A significant number of children who do not meet the eligibility criteria for Free School Meals are hungry, as a new study has shown.
Researchers from the University of York and the Bradford Institute for Health Research have called for Free School Meals (FSM) eligibility to be widened to reduce child hunger and the stigma associated with FSM.
Families that meet the criteria for FSM are considered to be living in poverty, and researchers have now shown that the stigma attached to this has an impact on a child’s mental health, while they continue to experience food uncertainties due to the quantity and quality of food available within the home.
The study showed that 20% of children surveyed that did not meet the criteria for FSM also experienced food insecurities, suggesting that the criteria to access FSM needs to be widened and not just targeted at families living below the poverty threshold.
Dr Tiffany Yang, a principal research fellow at the Bradford Institute for Health Research and Visiting Research Fellow at the University of York said: ‘Our study suggests that the benchmark to qualify for Free School Meals is too low and misses a significant number of children; these children may not meet the strict income eligibility to qualify for Free School Meals, but they still face food insecurities in low-income households.’
‘If this eligibility threshold was raised, then not only would it shake the stigma of Free School Meals being associated with poverty, it would mean fewer children overall would go hungry and fewer children would experience anxiety and stress daily.’
Researchers investigated the link between food insecurity, FSM, and the subsequent stress and anxiety related to this during the pandemic, using data from the Food Foundation commissioned surveys carried out by ChildWise.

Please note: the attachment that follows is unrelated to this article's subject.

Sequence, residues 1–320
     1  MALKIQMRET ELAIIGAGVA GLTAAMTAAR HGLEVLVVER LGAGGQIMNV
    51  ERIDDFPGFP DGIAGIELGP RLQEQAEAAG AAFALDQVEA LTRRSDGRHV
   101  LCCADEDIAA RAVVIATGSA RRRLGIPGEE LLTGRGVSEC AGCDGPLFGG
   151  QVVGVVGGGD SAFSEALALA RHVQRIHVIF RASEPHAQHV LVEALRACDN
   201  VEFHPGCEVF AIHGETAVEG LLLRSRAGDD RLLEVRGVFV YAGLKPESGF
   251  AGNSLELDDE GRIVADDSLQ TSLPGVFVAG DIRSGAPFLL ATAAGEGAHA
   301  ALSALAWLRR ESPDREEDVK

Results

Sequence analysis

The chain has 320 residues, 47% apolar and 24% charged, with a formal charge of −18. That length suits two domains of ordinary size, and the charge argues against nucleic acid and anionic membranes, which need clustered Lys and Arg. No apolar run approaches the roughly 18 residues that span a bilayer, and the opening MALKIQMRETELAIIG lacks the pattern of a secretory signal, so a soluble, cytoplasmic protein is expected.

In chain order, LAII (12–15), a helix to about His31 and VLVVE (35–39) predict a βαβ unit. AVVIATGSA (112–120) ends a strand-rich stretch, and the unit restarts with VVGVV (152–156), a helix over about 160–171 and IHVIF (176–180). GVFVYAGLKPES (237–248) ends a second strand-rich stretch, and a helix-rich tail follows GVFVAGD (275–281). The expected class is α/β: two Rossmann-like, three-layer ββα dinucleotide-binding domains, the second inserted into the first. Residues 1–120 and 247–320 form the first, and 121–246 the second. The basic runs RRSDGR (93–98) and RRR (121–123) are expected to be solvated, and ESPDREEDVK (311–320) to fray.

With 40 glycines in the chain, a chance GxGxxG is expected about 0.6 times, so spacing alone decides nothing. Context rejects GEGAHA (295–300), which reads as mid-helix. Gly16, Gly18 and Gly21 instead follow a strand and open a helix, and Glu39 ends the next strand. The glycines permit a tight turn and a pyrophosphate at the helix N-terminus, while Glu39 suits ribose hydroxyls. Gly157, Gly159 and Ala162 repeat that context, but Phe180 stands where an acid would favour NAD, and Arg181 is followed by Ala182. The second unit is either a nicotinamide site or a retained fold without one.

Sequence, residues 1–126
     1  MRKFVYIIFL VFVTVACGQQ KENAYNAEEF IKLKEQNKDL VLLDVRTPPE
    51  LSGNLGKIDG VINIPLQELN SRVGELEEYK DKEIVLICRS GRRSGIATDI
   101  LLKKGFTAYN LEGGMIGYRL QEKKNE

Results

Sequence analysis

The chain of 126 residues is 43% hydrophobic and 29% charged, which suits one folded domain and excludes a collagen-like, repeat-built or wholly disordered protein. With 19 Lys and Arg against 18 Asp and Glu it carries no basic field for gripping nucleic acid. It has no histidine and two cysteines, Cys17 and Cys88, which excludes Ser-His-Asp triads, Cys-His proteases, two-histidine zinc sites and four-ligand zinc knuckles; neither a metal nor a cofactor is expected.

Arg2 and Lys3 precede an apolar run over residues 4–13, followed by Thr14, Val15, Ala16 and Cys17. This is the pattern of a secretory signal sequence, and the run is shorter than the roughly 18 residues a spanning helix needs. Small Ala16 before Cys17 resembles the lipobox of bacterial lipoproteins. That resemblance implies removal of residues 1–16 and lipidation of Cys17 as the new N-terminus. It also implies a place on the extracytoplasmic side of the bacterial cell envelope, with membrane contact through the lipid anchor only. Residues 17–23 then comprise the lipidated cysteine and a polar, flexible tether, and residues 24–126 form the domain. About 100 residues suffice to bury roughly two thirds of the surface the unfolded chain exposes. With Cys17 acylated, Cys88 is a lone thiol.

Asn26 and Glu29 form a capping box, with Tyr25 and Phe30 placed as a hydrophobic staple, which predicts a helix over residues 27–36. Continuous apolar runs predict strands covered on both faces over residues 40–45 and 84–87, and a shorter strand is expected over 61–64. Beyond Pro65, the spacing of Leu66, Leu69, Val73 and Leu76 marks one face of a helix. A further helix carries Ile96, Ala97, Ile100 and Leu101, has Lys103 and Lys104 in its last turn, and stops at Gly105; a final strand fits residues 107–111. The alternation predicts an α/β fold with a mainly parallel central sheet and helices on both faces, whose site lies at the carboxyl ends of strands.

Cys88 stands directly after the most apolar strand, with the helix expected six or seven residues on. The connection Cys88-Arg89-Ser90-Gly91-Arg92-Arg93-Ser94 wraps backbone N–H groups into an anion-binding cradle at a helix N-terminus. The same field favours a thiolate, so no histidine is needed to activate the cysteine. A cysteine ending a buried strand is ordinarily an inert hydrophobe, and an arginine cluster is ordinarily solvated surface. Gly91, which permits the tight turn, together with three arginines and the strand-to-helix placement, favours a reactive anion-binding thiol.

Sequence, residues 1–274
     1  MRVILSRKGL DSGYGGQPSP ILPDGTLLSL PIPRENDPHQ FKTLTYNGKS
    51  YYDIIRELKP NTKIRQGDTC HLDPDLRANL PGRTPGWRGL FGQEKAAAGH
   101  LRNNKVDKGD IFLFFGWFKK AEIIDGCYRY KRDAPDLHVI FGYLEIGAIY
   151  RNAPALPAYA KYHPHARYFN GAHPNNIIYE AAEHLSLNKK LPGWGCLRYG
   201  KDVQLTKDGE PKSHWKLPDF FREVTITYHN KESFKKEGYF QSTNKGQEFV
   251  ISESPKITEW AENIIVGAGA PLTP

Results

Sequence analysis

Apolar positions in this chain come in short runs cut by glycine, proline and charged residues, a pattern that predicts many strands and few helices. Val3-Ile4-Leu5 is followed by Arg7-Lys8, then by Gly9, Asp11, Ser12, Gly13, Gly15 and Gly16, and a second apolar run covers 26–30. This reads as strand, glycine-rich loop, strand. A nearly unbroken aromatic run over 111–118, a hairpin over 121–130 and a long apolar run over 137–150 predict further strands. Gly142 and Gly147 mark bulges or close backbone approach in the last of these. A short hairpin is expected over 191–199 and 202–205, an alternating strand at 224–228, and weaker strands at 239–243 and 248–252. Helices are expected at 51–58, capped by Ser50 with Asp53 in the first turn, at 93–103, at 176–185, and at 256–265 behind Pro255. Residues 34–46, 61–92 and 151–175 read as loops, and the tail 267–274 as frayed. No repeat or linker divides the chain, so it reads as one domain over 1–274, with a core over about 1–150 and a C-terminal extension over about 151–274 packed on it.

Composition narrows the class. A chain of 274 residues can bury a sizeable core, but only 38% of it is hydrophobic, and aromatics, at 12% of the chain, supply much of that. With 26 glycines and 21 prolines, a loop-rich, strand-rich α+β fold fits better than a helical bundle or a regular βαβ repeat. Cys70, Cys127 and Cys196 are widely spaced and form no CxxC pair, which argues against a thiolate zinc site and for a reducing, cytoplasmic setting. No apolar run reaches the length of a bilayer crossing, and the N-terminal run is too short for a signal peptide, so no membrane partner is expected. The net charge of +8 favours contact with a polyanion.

The number of children eligible for FSM surged during the pandemic to 19.7% of all state-funded pupils in 2021, up from 17.3% in 2020 and 15.4% in 2019.
Bob Doherty, professor of marketing and dean of the School for Business and Society, and principal investigator of the FixOurFood project said:’We found that 35% of children surveyed experienced food insecurities.’
‘Of the number of children that received FSM, 60% reported food insecurities related to feeling hunger from not having enough food at home. On top of this, 51% felt stressed and worried daily, largely due to the stigma attached to having to access free meals and other poverty-related issues.’
Of the 20% of children who also had food insecurities but did not qualify for FSM, 29% were at a higher risk of feeling stressed or worried daily, increasing to 51 % if they received FSM.
In May this year, teaching unions and other organisations representing school staff in England wrote to Chancellor Rishi Sunak and Education Secretary Nadhim Zahawi, requesting an urgent change to FSM to allow more vulnerable children to access free school meals.
Children receiving FSM get a higher proportion of their daily energy and nutrient intakes from their school meals compared to those who pay, so FSM may reduce health inequalities and improve health and well-being.
Dr Maria Bryant, a reader in Public Health Nutrition from the University of York’s Department of Health Sciences and the Hull York Medical School, said: ‘Despite its obvious benefits, FSM is not universal and is determined by strict income-defined eligibility criteria meaning that FSM can be a marker of poverty.’
‘It is clear from our research that it should not be a marker of poverty, not only to allow more children feeling daily hunger access to the scheme but to reduce the stress and anxiety of being labelled as a child living in poverty.’
The articles we publish on Psychreg are here to educate and inform. They’re not meant to take the place of expert advice. So if you’re looking for professional help, don’t delay or ignore it because of what you’ve read here. Check our full disclaimer.